– The “Installed” column… I’m not sure its meaning is clear (ie: is it a status indicator or an action?). Maybe “Add/remove” would be clearer.
    – There should be [ Quit ] [ Apply changes ] buttons on the bottom right.
    – The ubuntu software centre “categories” seem to make sense to me.

  2. zekopeko

    Why all this duplication of work when there is already excellent alternatives such as the above mentioned Software Center? Why not work on it with Ubuntu devs so you can plug PK into it and get all the fancy UI for free?

    There is also a spec for the Software Updater here: https://wiki.ubuntu.com/SoftwareUpdates?action=show&redirect=SoftwareUpdateHandling

  3. Johannes

    Wow, that’s good news. Nice that someone picked up the ideas and pushed them!

    The cool thing of the Linux Desktop is that you can update everything from a central place and a cleaner UI will make that much more transparent for the end-user!

    Thanks!

  4. Jaliste

    That’s nice that this is getting to Fedora and other RPMs distros. One thing (not related) I keep asking myself is Why we can’t auto-update the systems with only security-fixes. I think most users will just choose to stay in a stable repo + security fixes and these should be installed automatically (if the user has chosen it when installing the system) without user intervention. Since now Ksplice is getting to Fedora, this probably could be made in a way that you don’t even need to reboot your system. Another thing I would like to see is to have some kind of “time machine” for the status of your system, where this means that each time you update some packages, there is a record with enough information so the user could choose to revert one or some of the package’s updates.

  5. Michael Vogt

    A quick note from me on the ubuntu software-center packagekit backend. It should not be hard to do that, as was pointed out by Frédéric Péters. The demands on the packaging layer are pretty small, most information comes from the app-install layer. The backend should be easy to switch to PK.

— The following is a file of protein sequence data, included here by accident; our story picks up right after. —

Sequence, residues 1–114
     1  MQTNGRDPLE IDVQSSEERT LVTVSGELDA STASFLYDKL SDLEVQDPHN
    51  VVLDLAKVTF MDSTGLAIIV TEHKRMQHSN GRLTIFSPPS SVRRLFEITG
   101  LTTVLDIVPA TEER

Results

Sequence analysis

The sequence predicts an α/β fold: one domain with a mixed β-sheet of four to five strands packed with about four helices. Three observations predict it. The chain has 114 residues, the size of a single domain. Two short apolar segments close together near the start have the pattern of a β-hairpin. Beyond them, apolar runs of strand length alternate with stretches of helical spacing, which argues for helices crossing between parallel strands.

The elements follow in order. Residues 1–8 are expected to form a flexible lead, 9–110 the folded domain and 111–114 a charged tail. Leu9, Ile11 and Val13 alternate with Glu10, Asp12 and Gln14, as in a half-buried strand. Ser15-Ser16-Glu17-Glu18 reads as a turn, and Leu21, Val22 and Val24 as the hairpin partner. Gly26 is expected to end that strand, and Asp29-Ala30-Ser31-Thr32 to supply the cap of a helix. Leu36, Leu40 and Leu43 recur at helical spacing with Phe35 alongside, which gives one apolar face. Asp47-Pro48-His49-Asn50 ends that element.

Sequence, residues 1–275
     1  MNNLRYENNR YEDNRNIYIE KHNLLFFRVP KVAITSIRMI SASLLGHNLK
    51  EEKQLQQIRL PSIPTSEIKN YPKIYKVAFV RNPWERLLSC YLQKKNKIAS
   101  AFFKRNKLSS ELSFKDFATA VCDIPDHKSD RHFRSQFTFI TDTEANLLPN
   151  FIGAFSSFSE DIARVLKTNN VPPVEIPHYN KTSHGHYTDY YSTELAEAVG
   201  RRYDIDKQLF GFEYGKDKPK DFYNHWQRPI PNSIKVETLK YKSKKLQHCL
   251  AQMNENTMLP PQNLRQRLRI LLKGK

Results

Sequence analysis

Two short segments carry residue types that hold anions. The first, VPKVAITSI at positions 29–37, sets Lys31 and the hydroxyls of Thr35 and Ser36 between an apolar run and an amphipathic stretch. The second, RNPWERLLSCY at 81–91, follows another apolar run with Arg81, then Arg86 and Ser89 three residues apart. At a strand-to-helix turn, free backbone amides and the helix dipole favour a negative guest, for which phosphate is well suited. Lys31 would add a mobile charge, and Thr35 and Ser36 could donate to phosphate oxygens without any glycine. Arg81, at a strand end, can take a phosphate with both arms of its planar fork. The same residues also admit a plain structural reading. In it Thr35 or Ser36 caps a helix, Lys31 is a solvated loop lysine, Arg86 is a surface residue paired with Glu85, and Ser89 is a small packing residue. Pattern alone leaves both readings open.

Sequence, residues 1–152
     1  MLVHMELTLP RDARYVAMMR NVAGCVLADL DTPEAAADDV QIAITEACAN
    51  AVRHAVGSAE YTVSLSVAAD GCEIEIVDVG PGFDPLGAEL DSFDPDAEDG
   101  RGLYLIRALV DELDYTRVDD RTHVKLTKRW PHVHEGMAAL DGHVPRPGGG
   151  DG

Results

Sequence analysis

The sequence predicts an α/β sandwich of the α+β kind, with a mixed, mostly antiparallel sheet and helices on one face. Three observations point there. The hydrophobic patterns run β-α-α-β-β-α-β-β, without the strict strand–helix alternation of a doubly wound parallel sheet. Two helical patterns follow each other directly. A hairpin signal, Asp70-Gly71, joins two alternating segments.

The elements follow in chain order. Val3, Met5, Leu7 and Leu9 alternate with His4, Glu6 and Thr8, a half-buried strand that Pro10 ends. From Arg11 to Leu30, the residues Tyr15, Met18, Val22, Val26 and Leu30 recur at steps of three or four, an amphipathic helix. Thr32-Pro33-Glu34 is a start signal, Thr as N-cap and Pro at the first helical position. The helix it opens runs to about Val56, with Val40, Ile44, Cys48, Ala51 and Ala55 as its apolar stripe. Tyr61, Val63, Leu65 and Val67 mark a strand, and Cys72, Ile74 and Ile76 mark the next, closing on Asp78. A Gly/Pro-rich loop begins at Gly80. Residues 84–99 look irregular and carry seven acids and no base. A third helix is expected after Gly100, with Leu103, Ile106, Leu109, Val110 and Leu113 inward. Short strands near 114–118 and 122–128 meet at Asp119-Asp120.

6. henshaw

    Fedora updates often comprise of related packages pushed out together (e.g. update FEDORA-2010-5392). Additionally a package (and its subpackages) may contain multiple applications.

    So an application-wise view of updates may be not be much more user-friendly than a package-wise view of updates. For example, an ordinary desktop user may be presented by a long list of applications to update, which belong to a much smaller list of packages. Or they may be presented with a list of applications which can only be updated together (e.g. firefox and chatzilla, or any other xulrunner-based app).Or they may be presented with a KDE SC 4.x.y update, which comprises of a bewilderingly long list of items (whether viewed as applications or packages) but only makes sense to update all together.

    If you’re going to redesign the update UI for “ordinary desktop users”, shouldn’t it also better reflect the way updates are structured? That is, one entry for all firefox + xulrunner updates (or packagekit updates, or kde/openoffice/kernel/etc. updates) with the options to view a detailed list of packages (or applications?).

    See also my comment at http://mairin.wordpress.com/2010/09/01/a-story-about-updates-and-people/#comment-7207

  7. howick

    app-install will be nice for an Ubuntu Software Center alternative, but for the update manager, I propose to use

    no interface at all

    and update automatically in the background.